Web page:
Yet the "John Paul II bishops" who came to power in the 1980s and beyond saw Bernardin's style and views as too accommodating and too reluctant to mount the barricades on behalf of a more assertive Catholic identity marked by a few hallmark issues rather than a spectrum of teachings.

In the end, the cardinal who championed consultation and reconciliation was unceremoniously pushed aside by many of his own colleagues. In 1996, as he approached the end of a poignant battle with pancreatic cancer, Bernardin launched the Common Ground Initiative as a final effort to try to end the growing polarization in the church.

But in rare public rebukes against one of their own, churchmen such as Cardinal Bernard Law, then of Boston, questioned Bernardin's project in ways that are strikingly similar to the criticism Francis has faced from conservatives.

Now, however, Francis is pope, and that gives Bernardin's acolytes some measure of hope. But the real question is whether the U.S. hierarchy is too far removed from the Bernardin era for it to make a difference.

In 2010, Bishop Gerald Kicanas of Tucson, Ariz., a Chicago priest who served under Bernardin, was in line to be elected president of the USCCB when conservatives engineered the election of New York Cardinal Timothy Dolan instead, a maneuver seen as the definitive end of Bernardin's influence.

"While there are still those in the conference who might like to return to the Old Ways (of Bernardin), the pope isn't interested in that and neither, in my judgment, are a critical mass of the bishops," Weigel wrote in an email.

While Weigel sees few similarities between Francis and Bernardin, many others see a broad overlap, and they say Francis is leading by example, whether the American churchmen see Bernardin's shadow or not. They also say Bernardin's approach is needed more than ever as the hierarchy has strained to speak with one voice on crucial issues.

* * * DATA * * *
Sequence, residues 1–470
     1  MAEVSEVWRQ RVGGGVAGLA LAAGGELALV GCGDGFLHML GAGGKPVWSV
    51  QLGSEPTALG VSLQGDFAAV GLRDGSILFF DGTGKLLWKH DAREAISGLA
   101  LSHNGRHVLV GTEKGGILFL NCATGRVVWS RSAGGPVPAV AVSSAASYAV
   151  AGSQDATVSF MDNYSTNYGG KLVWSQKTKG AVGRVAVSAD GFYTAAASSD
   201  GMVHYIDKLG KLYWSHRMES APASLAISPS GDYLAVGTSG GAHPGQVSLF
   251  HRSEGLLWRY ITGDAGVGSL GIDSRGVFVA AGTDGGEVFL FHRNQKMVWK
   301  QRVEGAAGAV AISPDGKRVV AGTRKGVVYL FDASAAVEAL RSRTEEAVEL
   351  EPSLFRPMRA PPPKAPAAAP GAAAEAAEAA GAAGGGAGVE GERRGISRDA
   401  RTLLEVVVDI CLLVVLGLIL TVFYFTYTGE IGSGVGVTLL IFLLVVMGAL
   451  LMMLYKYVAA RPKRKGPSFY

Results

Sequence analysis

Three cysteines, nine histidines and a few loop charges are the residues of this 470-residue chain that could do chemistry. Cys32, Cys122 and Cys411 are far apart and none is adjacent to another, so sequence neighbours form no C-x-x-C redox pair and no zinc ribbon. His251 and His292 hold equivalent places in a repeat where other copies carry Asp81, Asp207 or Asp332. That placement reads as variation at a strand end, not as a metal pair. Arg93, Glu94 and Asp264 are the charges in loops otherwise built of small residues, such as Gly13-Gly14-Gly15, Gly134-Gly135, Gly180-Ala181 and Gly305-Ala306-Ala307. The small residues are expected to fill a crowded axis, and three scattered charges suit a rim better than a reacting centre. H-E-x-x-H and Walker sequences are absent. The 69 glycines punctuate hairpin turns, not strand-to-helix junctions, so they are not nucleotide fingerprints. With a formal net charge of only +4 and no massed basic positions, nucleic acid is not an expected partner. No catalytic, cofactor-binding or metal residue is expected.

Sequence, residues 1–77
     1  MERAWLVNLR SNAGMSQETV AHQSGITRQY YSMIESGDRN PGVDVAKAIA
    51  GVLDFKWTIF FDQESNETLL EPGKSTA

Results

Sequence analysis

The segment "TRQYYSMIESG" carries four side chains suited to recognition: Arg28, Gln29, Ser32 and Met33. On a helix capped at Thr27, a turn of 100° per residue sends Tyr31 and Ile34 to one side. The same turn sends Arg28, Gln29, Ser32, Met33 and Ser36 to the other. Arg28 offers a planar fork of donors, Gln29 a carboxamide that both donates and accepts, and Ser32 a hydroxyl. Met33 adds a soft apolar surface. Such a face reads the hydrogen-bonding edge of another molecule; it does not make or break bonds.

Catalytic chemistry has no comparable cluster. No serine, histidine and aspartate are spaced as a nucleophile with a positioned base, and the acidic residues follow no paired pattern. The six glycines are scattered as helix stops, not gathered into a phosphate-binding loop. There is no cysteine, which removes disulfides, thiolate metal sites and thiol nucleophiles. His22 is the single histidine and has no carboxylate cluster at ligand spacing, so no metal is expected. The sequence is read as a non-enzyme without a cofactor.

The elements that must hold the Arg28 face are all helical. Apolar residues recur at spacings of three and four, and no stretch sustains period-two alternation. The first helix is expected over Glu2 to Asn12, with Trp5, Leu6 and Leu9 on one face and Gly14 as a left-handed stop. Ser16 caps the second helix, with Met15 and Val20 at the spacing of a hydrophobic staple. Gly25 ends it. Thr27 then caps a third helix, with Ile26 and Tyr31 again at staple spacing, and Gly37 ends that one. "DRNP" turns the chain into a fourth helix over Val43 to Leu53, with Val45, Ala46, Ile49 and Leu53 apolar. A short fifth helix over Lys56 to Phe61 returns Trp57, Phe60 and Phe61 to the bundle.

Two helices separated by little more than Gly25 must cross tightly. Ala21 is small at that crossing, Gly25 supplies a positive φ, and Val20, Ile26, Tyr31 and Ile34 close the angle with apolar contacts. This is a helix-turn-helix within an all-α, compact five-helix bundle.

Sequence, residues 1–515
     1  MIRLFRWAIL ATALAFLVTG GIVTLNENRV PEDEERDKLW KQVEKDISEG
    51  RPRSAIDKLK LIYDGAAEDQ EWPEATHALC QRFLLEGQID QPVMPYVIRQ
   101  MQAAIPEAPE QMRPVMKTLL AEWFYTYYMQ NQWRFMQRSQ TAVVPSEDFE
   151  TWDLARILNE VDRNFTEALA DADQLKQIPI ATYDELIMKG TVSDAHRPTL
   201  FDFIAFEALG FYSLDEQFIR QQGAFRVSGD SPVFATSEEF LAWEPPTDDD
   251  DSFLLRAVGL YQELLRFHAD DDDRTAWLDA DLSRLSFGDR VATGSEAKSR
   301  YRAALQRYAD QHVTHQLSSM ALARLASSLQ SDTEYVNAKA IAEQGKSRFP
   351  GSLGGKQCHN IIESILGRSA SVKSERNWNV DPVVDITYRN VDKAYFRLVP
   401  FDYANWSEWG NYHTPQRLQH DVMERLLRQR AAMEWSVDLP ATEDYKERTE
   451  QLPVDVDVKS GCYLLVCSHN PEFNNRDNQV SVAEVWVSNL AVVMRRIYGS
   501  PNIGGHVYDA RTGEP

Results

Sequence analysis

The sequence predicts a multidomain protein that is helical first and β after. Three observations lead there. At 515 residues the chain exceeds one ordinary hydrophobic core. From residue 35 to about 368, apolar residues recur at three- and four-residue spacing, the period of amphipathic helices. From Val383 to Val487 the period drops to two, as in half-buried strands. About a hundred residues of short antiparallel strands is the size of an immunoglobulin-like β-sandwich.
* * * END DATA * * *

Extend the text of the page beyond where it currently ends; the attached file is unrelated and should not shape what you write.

"I think the conference has missed the skills of Cardinal Bernardin," Sheehan said.

The same could be said for Catholics in general, said Bishop Michael Warfel of Great Falls-Billings, Mont., current chair of the Catholic Common Ground Initiative, which has struggled to remain viable in the years since Bernardin died.

"I find it ironic that it's almost easier for Christians to talk to Jews or Muslims than it is for some Catholics to talk to each other," Warfel said. He added that, like Bernardin, Francis "is really providing a witness to a way of leading. ... He doesn't just want to have window-dressing dialogue."

Fr. Thomas Nairn, a leading Catholic ethicist who has edited two books on Bernardin's consistent ethic of life, also notes that despite attacks on Bernardin himself, the principles he preached remain embedded in Catholic discourse.

Papal encyclicals and documents from the U.S. bishops, such as their election-year guide for Catholic voters, reflect Bernardin's "seamless garment" ethic that decries the death penalty as well as abortion and poverty. Bernardin's ideas are central to the DNA of the Catholic health care system, and ethicists and moral theologians invoke his ideas, even if the younger generation prefers to associate them with John Paul or Benedict.

"Cardinal Bernardin always talked about the consistent ethic as both a principle and an attitude," Nairn said. What is new, he said, is that Francis "has returned not only to the principle of the consistent ethic of life but he has also returned to Cardinal Bernardin's tone."

A version of this story appeared in the Nov 8-21, 2013 print issue under the headline: Francis breathes new life into Bernardin's contested legacy.